On behalf of the Emerging Infectious Disease Task Force
On January 17, 2022, the world experienced around 125 million new cases of the SARS-CoV-2 Omicron variant on a single day, over ten times the previous peak from the massive Delta variant surge in April 2021. The United States has experienced several “million-case days” and continues to set records for new cases every week.
The Institute for Health Metrics and Evaluation forecasts that 50% of the global population will have become infected with SARS-CoV-2 between December 1, 2021, and March 31, 2022. Those are unprecedented case numbers and infection rates for any previously known pandemic agent.
Omicron Variant Is More Contagious
Asymptomatic infections are likely driving much of the Omicron wave. Even with the initial SARS-CoV-2 strains, the rate of asymptomatic infections is thought to have been as high as 40 to 45%. Mounting evidence on Omicron puts the level of asymptomatic infections closer to 80 or 90%. Other likely contributing factors include the way the Omicron virus glycosylates carbohydrates on the cell membrane and enters cells, vaccine efficacy and possible levels of prior COVID-19 immune protection.
SARS-CoV-2 Continues to Evolve
The SARS-CoV-2 virus could become even more dangerous. There are potentially risky genomic mutations in many of the identified variants – including Omicron. These mutations are in locations of the viral genome that are known or suspected to enhance transmission, lethality or other viral activities. These mutations have not yet resulted in widespread expression of these characteristics by Omicron for reasons that are not entirely clear.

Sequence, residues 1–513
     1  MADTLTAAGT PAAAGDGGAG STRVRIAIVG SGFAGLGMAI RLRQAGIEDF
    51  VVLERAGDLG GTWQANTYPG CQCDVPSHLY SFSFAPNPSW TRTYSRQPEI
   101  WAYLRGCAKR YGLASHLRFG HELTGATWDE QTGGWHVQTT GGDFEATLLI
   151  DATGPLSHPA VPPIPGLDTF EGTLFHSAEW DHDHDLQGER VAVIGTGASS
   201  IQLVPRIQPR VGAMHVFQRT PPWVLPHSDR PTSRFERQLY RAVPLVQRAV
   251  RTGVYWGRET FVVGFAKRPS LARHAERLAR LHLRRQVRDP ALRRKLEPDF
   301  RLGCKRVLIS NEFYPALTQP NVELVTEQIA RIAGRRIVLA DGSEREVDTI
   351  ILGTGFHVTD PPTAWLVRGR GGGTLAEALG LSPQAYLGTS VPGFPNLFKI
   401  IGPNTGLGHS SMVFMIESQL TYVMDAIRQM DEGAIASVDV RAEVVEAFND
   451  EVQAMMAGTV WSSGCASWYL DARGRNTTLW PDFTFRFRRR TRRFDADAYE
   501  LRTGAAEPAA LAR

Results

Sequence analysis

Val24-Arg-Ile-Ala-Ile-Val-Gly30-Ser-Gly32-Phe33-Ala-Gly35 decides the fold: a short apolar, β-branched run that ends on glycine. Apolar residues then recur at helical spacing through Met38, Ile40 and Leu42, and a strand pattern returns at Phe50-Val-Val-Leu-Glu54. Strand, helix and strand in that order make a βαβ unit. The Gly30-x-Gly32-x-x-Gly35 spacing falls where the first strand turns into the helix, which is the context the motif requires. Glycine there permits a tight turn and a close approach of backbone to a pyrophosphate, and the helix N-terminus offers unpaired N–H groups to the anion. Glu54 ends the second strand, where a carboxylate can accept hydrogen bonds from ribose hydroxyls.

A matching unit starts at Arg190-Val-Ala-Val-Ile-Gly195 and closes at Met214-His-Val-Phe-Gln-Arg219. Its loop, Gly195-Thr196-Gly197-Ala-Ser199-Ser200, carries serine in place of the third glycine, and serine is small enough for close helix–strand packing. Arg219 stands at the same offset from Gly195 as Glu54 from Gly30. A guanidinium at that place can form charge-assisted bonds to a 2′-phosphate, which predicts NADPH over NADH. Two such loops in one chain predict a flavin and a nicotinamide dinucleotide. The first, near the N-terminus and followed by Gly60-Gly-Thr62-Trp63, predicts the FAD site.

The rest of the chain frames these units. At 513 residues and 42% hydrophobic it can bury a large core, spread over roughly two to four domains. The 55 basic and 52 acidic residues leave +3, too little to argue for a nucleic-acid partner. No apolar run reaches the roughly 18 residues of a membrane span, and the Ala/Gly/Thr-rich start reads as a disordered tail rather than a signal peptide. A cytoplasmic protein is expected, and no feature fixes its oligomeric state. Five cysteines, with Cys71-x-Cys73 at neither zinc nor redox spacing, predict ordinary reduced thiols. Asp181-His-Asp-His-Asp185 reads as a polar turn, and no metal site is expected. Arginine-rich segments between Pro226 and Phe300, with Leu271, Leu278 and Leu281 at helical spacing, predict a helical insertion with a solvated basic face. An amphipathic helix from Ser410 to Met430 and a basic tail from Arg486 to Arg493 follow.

A new variant based on a sub-variety of Omicron, the B.1.1.529 – BA.2, may have even higher infectivity, or Ro, than its parent. At the time of writing, it is rapidly replacing Omicron B.1.1.529 – BA.1 in many global locations and has already been detected in the United States. This new subvariant carries the same multiple genomic mutations as the original Omicron variant. Research indicates these mutations may enhance the potential for more serious complications.
SARS-CoV-2 Becoming “Endemic”
We can get a basic idea about endemicity by looking at the plotted case curves for COVID-19 or other pandemics. When a pandemic starts, there are initial spikes in patient numbers, then drops in case numbers to varying degrees followed by intermittent spikes as conditions change or new variants develop.
Highly contagious variants eventually develop to displace almost all the other viral variants. After continued spikes and dips in the curve, a variable baseline of case numbers eventually is reached. That baseline is occasioned by slow increases, decreases and spikes depending on what the virus does and what humans do.
When pathogens like Influenza and the Coronaviruses become endemic, it is difficult to remove them from the human population; however, humans are far from helpless against the SARS-CoV-2 virus. There is much we can do to reduce the impacts of these pathogens once they become endemic.
Ending the Pandemic
It is difficult, and dangerous, to make specific predictions about biology and pandemics. Early on, many experts described the mid-point of the SARS-CoV-2 pandemic around February 2022. However, that will likely be the mid-point from the perspective of historians 20 years from now. This assumes that although we will see occasional spikes in case numbers, we will see a gradual decline of infections over time.
Multiple elements of our interactions with the SARS-CoV-2 virus will occur over the next two years. The virus will become more endemic and less pandemic. We will slowly note a decrease in the daily pressures the virus causes. This battle is far from over, but despite multiple setbacks and a few major advances, we are winning.
Continuing Vital Health Measures and Vaccination
COVID-19 will continue to change and challenge us. There are, however, indications that the pandemic may be turning a corner. Yet, it is critical not to stop doing the things we know curb COVID-19’s effect. We must continue to support and promote COVID-19 vaccination coupled with smart public health measures.
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